There’s No Such Thing As Good Debt

Proprietary Data Insights

Top Credit Services Stock Searches This Month

Rank Name Searches
#1 Visa 206,804
#2 PayPal 62,997
#3 Mastercard 17,409
#4 Ally Financial 6,302
#5 Western Union 5,048

The On-The-Ground Impact Of High Gas Prices

Yeah, gas prices might be much higher in Europe. But this doesn’t mean jack you know what to Americans with budgets. With every good or service that increases in price comes pressure on the pocketbook. 

Bank of America’s recent survey of consumer spending drives this point home: 

Spending on gas as a share of total spending on BofA debit and credit cards equals 9.5% for households earning less than $50,000 a year. For those making $125,000 or more, roughly 6% of card spending goes toward gas. 

That flat out sucks. 

Scroll with us for more on the freaking increased cost of everything!


There’s No Such Thing As Good Debt

Key Takeaways:

  • Even the debt averse tend to consider mortgage debt good debt. Maybe not anymore. 
  • Bad debt – particularly credit card debt – just got a lot more expensive. 
  • Where we might be headed and what you can do about it. 


Last week, 30-year mortgage rates eclipsed 6%, hitting 6.28% for a hot second, before retreating to a hair over 6%. The impact of these constantly rising rates continues to blow The Juice’s mind. 

  • Using the median list price as of May 2022 – $447,000 – the monthly payment on a 30-year mortgage with 20% down and a 6% interest rate comes to $2,144
  • Go back a year when the median list price was $380,000 and the 30-year rate was 3.26% and your monthly payment was $1,325

What was once considered good debt feels a lot like bad debt, particularly when you consider the impact of record home prices alongside rising interest rates. 

How About Credit Card Debt? 

Never good debt, right? How ‘bout now? 

  • For the first time since Lending Tree started tracking credit card interest rates in 2018, they’re over 20%. 
  • To be precise, 20.2%, though good credit will score you an APR offer of 16.53%. With bad credit, expect something closer to 23.79%. 
  • Make a $133 minimum monthly payment on a $5,000 balance at 20% interest and it’ll take you roughly 23 years to pay off your debt. You’ll pay $7,723 in interest alone during that time.  

Also sucks. 

Is BofA Too Bullish On Credit Card Debt? 

In its report, BofA says it was searching for bearish signs on the consumer. 

While it discovered some “bearish sentiment,” particularly as it relates to inflation, the bank was “struck by strong momentum in service sector spending.” BofA also called the share of credit card spending, relative to debit card spending, a “favorable sign,” noting that…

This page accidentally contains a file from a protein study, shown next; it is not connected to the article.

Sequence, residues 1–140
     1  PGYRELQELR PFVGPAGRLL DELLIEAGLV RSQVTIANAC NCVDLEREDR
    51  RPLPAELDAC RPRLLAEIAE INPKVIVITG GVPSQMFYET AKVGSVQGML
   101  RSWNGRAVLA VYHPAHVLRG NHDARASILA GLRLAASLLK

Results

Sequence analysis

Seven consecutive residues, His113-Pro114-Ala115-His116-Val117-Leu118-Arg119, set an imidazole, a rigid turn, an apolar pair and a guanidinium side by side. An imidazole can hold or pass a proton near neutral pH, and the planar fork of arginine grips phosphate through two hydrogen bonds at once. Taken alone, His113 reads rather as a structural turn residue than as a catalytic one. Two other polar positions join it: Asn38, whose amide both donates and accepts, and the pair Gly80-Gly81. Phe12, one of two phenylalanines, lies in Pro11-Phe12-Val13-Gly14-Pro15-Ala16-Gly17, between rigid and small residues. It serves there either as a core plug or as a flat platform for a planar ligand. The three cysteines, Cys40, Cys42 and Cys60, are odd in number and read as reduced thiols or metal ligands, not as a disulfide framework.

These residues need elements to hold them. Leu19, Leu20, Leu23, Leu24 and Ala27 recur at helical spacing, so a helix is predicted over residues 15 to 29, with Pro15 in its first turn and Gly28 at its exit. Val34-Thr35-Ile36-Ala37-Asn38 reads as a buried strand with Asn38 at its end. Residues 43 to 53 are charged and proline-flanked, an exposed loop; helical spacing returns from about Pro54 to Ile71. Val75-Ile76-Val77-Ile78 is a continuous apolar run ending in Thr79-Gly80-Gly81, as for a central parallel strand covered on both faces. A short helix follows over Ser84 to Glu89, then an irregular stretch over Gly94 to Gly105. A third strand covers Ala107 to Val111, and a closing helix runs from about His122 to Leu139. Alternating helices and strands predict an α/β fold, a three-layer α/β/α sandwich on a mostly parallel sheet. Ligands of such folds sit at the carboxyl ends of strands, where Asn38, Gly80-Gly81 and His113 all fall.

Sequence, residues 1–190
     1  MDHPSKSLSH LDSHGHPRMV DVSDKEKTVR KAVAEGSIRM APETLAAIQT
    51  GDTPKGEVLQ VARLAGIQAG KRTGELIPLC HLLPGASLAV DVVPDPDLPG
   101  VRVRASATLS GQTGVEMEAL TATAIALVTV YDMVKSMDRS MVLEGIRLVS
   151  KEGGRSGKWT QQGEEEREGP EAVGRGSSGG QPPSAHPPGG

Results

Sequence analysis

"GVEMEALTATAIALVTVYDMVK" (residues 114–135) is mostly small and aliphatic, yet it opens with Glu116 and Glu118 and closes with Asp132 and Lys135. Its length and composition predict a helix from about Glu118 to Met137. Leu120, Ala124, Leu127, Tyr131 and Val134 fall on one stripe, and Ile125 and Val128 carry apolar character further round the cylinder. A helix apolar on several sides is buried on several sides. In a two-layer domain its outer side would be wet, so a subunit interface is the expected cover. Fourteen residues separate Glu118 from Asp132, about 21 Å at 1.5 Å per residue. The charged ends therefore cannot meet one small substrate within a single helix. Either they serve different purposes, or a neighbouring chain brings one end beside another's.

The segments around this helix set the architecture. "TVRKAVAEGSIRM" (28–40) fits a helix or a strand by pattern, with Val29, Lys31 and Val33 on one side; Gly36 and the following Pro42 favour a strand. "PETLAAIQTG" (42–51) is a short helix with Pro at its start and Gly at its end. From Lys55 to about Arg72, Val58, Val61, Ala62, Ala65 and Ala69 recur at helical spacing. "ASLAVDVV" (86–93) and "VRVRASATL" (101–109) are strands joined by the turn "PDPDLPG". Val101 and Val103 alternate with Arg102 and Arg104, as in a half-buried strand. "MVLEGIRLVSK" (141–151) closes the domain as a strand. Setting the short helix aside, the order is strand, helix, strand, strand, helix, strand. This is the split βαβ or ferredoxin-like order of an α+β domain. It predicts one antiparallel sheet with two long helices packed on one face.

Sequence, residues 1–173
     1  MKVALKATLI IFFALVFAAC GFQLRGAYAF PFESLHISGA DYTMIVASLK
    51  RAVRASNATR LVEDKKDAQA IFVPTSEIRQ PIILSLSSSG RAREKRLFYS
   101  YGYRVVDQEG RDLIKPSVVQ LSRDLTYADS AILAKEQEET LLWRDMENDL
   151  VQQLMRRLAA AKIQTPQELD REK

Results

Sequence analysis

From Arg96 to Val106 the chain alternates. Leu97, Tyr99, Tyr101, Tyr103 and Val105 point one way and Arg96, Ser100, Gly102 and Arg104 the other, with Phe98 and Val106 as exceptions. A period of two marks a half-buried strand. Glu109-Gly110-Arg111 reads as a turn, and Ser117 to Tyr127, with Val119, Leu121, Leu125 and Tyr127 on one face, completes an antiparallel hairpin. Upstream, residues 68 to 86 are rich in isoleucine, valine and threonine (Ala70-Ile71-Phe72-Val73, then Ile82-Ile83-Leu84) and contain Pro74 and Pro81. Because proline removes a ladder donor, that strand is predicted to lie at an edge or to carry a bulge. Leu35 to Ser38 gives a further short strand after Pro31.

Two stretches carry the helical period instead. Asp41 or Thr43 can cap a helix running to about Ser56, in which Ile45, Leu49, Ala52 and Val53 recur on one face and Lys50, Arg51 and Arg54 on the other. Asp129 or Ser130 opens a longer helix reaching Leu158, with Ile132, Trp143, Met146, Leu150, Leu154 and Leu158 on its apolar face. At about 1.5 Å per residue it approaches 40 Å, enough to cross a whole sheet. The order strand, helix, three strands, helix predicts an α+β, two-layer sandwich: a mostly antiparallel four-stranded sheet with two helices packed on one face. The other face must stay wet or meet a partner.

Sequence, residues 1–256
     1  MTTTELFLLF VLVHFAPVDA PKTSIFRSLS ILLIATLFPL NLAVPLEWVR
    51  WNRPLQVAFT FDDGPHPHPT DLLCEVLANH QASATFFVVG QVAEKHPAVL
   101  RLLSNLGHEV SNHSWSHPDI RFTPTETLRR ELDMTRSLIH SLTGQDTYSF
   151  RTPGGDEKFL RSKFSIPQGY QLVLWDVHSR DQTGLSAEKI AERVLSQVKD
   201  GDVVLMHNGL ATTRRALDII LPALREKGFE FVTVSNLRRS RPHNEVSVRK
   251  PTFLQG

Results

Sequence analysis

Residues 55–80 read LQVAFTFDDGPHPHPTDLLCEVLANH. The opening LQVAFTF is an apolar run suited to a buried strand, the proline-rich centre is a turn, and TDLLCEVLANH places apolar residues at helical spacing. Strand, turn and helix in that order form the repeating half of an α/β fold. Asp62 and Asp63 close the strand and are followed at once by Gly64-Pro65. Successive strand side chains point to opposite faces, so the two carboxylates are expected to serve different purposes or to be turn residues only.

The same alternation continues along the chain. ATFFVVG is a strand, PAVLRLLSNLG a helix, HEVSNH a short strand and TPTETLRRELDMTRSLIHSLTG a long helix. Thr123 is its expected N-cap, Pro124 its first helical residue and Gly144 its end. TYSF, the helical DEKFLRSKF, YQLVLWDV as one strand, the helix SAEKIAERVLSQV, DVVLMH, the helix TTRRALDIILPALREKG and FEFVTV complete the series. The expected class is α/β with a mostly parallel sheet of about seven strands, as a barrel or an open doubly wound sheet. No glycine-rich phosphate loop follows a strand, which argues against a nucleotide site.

it does not appear that households are having to spend more on credit cards to pay rising bills. If we only focus on households with annual income less than $50K, we also find that credit card spending as a share of total card spending was around the same level as in May 2019 (Exhibit 9).

Data from Barclays shows a precipitous decline in spending on services, contrary to BofA’s contention. 

Source: The Washington Post

And, also, how does Bank of America explain what we told you the other day in The Juice:

Revolving debt – primarily credit card debt – jumped 19.6% in April, hitting $1.103 trillion. That breaks the pre-pandemic record of $1.1 trillion.

BofA also reports “household savings” remain higher than 2019, suggesting “households continue to have higher ‘buffers’ relative to before the pandemic.” 

This counters something else we told you the other day: That the personal savings rate continues to plummet. At 4.4%, it’s at its lowest point since 2008.  

Are BofA’s 67 million consumer clients not contributing to these numbers? Something doesn’t make sense. We’ll continue to track the consumer debt and personal savings data and update it as needed. 

For Now, What To Do? 

Here’s what we know for sure. 

People are swiping their credit and debit cards as much, if not more than they were before the pandemic. Either because they’re doing super well and spending or because they’re hurting and turning to plastic. Or maybe a situational mix of both. 

If these trends continue, two companies who will most certainly continue to benefit are Visa (V) and Mastercard (MA), two of the top names investors searched for this month among credit services stocks in our proprietary Trackstar database. 

Both companies crushed revenues and profit estimates in their most recent quarterly reports. Both companies reaffirmed guidance of high-teens to 20% revenue growth for the full year, even when factoring in the Russia-Ukraine situation. 

The Bottom Line: If there’s anything certain about the present economy – at micro and macro levels – it’s rampant uncertainty. 

Micro: Who still has savings left? Who’s running up credit card debt because they’re doing super well? Who’s turning to credit cards as a sign of not making ends meet? 

Macro: Will stocks remain in bear territory? Will crypto keep crashing? Will there be a recession? 

To secure some level of certainty in your personal finance, make moves that focus on cash security. 

Save strategically. Resist taking on debt. 

From an investment standpoint, go with industry leaders who provide necessary goods (e.g., Procter & Gamble) and services (e.g, Visa and Mastercard) regardless of the broad economic environment. If the company pays a healthy dividend (check on all three mentioned) and has proven it can weather turbulent times (ditto), consider seizing the opportunity to buy shares on weakness.

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